## Exploratory Stations: simple circuits, magnets, and Makey Makeys builds

By: Meghan Thoreau, OSU Extension Educator

The short program highlights videos of the simple circuits, electrical stations, and Makey Makey exploration stations.

This month students built on their electricity skills introduced in September to better understand how electricity and magnetism are related, as well as learned about other forces that can accelerate a body, or how the center of gravity is a pulling force that acts upon two things.

A student proudly shows off their center of gravity project.

#### Center of Gravity

We explored balancing basics and the center of gravity. Students learned that if they support the center of gravity, the object will balance and be stable. If an object is not supported directly below its centre of gravity then the object will be unstable and topple over. Any object is more stable when the center of gravity is near the center of the base of support. Wobbler toys are another example of using physics, torque, and the center of gravity to keep toddlers entertained for hours. (1)

Students had an opportunity to look at several types of balancing objects and understand how each object’s mass was distributed and how stable its center of gravity was. For example, they were able to interact with objects with different bases and structural shapes and see firsthand that a smaller base is less stable than an object with a larger base. A triangular pyramid shape is much more stable sitting on its broad base than on its point, which in turn can also serve as a resting point to balance another object because of its stability and take advantage of the upper object’s center of gravity.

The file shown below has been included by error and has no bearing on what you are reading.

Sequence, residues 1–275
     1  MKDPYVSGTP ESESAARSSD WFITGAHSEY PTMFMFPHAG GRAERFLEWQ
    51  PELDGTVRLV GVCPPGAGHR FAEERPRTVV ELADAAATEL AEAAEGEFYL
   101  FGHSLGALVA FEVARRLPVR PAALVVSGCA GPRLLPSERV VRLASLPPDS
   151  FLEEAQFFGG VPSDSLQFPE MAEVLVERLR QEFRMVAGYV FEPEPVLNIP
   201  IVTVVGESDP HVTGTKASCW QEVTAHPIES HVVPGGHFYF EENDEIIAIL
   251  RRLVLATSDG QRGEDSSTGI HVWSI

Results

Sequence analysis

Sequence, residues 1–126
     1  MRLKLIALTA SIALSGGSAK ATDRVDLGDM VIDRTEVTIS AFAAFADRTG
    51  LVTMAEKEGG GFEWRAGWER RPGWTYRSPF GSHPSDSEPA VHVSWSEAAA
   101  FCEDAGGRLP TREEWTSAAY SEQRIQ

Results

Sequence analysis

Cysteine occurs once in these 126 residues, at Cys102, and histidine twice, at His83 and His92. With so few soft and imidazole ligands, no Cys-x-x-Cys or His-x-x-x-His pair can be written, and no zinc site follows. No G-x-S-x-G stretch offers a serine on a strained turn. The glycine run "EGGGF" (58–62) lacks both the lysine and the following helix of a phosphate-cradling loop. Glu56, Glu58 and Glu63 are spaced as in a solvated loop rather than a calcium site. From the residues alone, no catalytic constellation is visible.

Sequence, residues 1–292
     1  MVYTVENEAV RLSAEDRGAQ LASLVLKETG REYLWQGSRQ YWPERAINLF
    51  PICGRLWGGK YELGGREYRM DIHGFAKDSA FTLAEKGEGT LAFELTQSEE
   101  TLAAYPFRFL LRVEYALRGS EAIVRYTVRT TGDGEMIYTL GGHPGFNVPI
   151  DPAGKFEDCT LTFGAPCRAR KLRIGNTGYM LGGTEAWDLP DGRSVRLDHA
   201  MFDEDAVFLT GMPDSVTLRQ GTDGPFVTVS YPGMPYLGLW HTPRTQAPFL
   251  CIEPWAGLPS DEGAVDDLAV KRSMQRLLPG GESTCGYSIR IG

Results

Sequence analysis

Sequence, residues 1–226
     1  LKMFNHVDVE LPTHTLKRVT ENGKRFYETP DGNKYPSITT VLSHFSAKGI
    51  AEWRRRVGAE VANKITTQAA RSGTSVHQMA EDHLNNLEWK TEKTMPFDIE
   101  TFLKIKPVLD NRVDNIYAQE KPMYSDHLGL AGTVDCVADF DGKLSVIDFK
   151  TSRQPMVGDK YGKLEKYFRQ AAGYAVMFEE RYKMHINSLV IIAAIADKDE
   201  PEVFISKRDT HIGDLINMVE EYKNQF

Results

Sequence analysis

A balancing toy utilizes the concepts of stability and low center of gravity. By having two heavyweights on the two sides, the toy will make the object very stable. The students learned about stable systems and how they return to their state of initial rest after disruption or being disturbed. (2)

After class-led activities, students broke into groups and rotated through simple circuits, magnets, electromagnets, Makey Makey interactive installations, and origami-making stations.

#### Simple Closed Loop Circuit

Electrical devices surround us every day – calculators, space heaters, remote controls, lights, cell phones, drones, electric vehicles. Students started with the voltage source such as a battery that is required to close the circuit and operate the device. As the students moved to the different stations they engaged in the science and engineering practice of making observations as they used batteries, wires, small light bulbs, and light bulb holders to explore the phenomenon of electricity and learn the difference between open and closed circuits. They also engaged in concepts of electric current, energy transfer, and electromagnets, and how circuits can be used with circuit boards and code to make more advanced electrical systems and work.